Vic Jannels chairman, All Types of Mortgages
Political and economic commentators seem to diverge over the outcome of the Spending Review, although it is likely to be some time before its full impact reaches the high street. If the reduction was intended to be 8% that leaves 92% still to spend. So far, investment markets have not meandered much, suggesting that the tenets of the review have been well received. Current mortgage rate structures are good for those on base rate trackers, although they may be vulnerable when rates start to rise. Conversely, it is not a good market for savers or pensioners who need higher rates to boost their income. It is difficult to see how the base rate can remain at this low level for long. But for now I vote for a hold.
Mehrdad Yousefi, Industry consultant
Subdued mortgage activity and little demand for unsecured credit are a reflection of household uncertainties about the impact of spending cuts on their finances. Demand for new mortgages remains low, despite more properties on the market and falling house prices. The supply of credit is deemed too tight for house-holds and small to medium enterprises. The dip in retail sales in September illustrates households’ caution about the labour market and wealth from housing. There is a need for the reconstruction of the whole banking system, which will certainly provide headwinds to the recovery. As a result, I expect no change in the base rate and little action on quantitative easing. I vote for a hold.
Fahim Antoniades group director, mortgage centre ifa
While a further round of quantitative easing is being talked about, the economy has surprised everyone by showing a Q3 jump ahead of expecta-tions. Four days after news that property sales fell again, we receive news that sales of £1m properties have more than doubled this year. Mixed news seems to be the norm and has been for a while, and it’s for this reason that we must still err on the side of caution. Given that the economy has yet to endure the impact of losing nearly 500,000 public sector jobs, as well as public sector spending cuts – which will inevitably impact the private sector – I believe the conditions are still too precarious to warrant a counter-inflationary move on rates. I vote for a hold.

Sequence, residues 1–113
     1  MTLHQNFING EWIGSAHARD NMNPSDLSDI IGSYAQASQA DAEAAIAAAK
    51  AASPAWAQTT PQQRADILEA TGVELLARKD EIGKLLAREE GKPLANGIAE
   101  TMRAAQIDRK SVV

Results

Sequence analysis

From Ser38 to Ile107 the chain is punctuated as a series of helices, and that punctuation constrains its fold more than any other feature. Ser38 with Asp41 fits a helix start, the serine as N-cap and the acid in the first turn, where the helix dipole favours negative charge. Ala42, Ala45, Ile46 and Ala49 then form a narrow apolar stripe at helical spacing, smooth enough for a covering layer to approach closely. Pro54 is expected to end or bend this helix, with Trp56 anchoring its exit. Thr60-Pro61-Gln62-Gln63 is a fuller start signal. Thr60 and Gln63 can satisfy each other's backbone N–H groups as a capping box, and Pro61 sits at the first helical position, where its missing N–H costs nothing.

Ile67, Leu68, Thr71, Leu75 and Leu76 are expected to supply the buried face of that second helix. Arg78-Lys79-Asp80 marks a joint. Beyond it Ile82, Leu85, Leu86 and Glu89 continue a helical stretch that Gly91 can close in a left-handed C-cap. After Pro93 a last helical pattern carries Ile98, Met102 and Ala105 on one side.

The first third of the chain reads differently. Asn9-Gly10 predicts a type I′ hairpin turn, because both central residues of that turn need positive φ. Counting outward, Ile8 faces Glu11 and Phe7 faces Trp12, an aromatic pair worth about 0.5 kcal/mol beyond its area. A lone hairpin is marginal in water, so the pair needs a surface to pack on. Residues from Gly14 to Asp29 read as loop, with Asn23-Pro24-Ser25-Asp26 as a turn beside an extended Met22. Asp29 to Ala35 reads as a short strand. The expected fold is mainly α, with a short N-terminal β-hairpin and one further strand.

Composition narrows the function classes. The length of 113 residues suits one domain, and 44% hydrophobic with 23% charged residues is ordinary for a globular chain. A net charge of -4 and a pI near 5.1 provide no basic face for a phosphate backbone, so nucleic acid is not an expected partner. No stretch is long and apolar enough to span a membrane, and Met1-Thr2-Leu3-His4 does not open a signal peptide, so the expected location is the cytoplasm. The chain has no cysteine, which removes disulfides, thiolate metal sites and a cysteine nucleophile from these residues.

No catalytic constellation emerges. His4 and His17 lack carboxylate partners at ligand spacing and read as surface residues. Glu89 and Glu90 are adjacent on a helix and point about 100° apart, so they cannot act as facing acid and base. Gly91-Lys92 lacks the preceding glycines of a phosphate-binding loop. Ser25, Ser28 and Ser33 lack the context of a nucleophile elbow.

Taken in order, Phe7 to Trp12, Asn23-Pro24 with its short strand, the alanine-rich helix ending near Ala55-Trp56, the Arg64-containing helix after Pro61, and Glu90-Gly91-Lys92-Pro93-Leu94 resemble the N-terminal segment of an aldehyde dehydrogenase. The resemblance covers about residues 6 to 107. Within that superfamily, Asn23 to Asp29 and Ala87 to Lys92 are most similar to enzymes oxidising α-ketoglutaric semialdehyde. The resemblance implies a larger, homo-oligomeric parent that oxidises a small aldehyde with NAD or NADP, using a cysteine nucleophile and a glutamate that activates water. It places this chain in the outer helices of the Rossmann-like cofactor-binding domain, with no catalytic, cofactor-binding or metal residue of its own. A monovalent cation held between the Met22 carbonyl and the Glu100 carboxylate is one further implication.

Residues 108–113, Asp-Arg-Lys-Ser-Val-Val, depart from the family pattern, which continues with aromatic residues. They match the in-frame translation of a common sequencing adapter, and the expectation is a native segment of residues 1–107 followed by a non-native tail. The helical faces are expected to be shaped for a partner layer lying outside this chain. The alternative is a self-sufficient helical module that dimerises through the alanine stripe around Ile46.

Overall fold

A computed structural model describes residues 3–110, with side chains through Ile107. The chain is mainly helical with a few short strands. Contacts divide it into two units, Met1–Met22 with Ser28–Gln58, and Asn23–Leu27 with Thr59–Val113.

Peter Williams Executive Director, Intermediary Mortgage Lenders Association, and chairman, Shadow MPC
In the aftermath of the Spending Review there remains a great deal of fog. This will only clear over the next few months as expenditure cuts work through and express themselves in cancelled contracts and job losses. It is evident from both the MPC and other commentators that we have diverging views on how the recovery will play out, not least the strength of private sector demand. What is happening in the economy is also reflected in housing, where we have a much weakened market increasingly overshadowed by what might emanate from the Mortgage Market Review.
With reduced confidence, a weak recovery and an under-performing housing market, the prospects don’t look great, especially at local and regional level. Like the miners in Chile, there will be more months of darkness before the light begins to shine through. I vote for a hold.